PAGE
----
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Question Your World: Can Jurassic World Really Happen?

dino question

In 1993 Steven Spielberg kicked our fascination with dinosaurs into high gear with the first Jurassic Park movie. Since then we've seen many more films, books, songs, and TV shows involving these extinct beasts. Over twenty years later the new movie further enforces our interest in dinosaurs, but could we ever use advancing scientific technology to really bring them back? Can Jurassic World really happen?  Listen to this Question Your World radio report produced by the Science Museum of Virginia to find out.

On its opening weekend Jurassic World pulled in over $511 million and broke the world record for the highest grossing movie premiere ever. Clearly the world is interested in movies that discuss the ethics of science. This movie has tons of dinosaurs, intense action scenes, hilarious one liners, and continues the debate that Ian Malcolm started in 1993 about the perils of messing around with nature.

In this movie Jurassic World scientists have created a brand new dinosaur, one that never existed during the Dino-hay day millions of years ago. In order to make a new dinosaur these scientists harvested DNA from their existing dinosaurs and mixed in genetic aspects of frogs, fish, and beyond. A few well written lines dart around the topic of warm blood or feathers, all recent discoveries from some of the world's best paleontologists. Once the plot starts to unfold we learn that this dinosaur has taken on more qualities of other animals than initially intended by scientists. Thus ushering in the conversation of the ethics of making a brand new creature. This is rooted in the conversation that started in 1993 with the original movie, but here we are in 2015. Technology certainly has advanced a lot in the last twenty three years. So, how close are we to making this actually happen?

Many big changes have taken place since the first sighting of Jurassic Park dinos on the silver screen. The topic of de-extinction has become a pretty hot topic in the science world actually. We're not just talking about technology either. For instance, increased glacial melt has allowed many frozen plants to start to re-grow once again. These plants and flowers have been trapped under layers of ice for thousands of years and are now finally starting to grow back ushering in their place in the de-extinction conversation. How will these plants impact the various creatures that will interact with them? Currently birds, insects, and other animals have evolved to live in these colder areas without the previously missing plants around. What will this do to the ecosystem? Will these second chance plants impact the current ebb and flow of life in those areas or will it go extinct unable to keep up with contemporary ecological standards? This is one instance in which nature has brought in its own aspect of de-extinction.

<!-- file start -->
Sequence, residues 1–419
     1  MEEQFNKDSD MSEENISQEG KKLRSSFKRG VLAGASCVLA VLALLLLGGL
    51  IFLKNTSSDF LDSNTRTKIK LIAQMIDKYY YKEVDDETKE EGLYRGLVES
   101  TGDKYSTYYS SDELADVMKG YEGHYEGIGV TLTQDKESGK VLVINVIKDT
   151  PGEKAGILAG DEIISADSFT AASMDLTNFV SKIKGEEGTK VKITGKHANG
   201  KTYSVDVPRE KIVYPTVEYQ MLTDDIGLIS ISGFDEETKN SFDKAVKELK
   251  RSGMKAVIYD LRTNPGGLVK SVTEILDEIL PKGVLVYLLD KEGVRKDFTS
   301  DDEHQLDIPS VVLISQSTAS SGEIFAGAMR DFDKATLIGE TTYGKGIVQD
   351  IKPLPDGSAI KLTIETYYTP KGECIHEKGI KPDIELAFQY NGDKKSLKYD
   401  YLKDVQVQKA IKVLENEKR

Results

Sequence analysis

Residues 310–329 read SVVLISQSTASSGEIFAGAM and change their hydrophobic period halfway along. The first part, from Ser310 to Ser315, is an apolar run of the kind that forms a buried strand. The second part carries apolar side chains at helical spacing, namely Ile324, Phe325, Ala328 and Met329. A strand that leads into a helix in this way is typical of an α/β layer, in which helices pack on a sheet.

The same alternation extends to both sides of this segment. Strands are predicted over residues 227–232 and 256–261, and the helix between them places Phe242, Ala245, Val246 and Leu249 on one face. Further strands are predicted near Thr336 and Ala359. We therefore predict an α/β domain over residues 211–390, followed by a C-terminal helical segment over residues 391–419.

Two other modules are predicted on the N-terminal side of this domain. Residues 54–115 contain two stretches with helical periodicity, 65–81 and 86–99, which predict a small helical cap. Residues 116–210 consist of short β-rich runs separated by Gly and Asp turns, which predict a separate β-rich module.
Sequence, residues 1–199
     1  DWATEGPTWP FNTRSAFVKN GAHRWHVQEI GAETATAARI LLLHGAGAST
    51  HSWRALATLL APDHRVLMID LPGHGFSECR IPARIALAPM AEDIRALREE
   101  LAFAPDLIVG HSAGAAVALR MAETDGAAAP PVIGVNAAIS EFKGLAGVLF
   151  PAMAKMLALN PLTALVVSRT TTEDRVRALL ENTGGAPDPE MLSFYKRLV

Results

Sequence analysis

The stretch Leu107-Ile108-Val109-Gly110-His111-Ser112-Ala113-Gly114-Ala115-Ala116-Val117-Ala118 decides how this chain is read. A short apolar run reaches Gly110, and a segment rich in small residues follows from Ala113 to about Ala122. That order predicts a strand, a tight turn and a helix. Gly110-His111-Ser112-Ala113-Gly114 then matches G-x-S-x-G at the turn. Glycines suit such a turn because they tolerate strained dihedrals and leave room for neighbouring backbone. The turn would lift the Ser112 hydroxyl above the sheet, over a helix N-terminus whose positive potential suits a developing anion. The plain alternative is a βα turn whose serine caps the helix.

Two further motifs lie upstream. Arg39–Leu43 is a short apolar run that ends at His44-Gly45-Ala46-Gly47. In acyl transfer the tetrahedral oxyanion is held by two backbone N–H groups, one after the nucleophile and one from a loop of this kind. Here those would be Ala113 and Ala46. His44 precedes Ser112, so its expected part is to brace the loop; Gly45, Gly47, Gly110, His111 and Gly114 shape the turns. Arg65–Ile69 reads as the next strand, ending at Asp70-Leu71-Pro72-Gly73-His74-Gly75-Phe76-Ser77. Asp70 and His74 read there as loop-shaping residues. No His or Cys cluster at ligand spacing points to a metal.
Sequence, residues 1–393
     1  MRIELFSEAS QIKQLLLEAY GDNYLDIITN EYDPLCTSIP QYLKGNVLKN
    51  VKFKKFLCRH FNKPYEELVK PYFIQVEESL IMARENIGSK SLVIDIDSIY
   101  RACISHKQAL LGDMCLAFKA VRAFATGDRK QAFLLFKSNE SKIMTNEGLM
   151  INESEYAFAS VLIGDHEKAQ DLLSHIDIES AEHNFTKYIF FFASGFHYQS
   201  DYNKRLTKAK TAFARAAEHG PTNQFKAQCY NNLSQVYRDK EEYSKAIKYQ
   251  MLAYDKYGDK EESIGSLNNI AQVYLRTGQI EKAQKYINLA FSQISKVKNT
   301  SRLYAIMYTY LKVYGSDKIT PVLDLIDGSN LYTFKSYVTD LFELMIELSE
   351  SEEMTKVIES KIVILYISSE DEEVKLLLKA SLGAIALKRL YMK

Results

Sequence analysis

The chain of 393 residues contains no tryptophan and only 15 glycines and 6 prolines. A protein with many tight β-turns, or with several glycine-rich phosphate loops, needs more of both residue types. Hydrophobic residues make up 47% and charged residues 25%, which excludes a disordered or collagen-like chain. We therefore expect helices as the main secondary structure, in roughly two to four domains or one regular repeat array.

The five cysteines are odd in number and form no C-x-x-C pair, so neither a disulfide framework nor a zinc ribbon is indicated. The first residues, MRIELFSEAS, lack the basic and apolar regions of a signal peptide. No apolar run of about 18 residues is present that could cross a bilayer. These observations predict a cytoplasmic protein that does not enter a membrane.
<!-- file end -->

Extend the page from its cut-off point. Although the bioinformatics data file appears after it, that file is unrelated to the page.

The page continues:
On the other end we've got some very interested parties that are promoting the concept of bringing back extinct creatures for research and further understanding what life was like before we were around to document things. Scientists have fully mapped the genome of a horse that died nearly 700,000 years ago. That was a different world back then. The environment had not shifted to what it is now, everything from gas levels to plant life has drastically been changed. Would reviving this genetic line help us further understand what conditions were like back then or would we simply be making a creature that does not belong in this time period?

Plants and horses also would have another de-extinction friend if some other scientists have the opportunity they've been seeking. There has been some talk among paleontologists to bring back a wooly mammoth using an elephant as the mother. This would involve playing with genetic materials and then using a female elephant to act as the natural incubator to bring a mammoth back into existence.

Plants, horses, and elephants sure are not as intense as dinosaurs, but its the start of a pretty big conversation at the very least. While we're not seeing the technology needed to make these things happen quite yet, future scientists may have access to these options. Going back to 1993, Ian Malcolm certainly made a good point for future generations to consider. Just because we can make things happen, the bigger question is should we be making them happen? After a successful series of films on this topic we can see that the interest is there, but let us not forget the lesson we learn in every single one of these films. In any attempt humanity has to contain nature, life will...uh...find...a...way!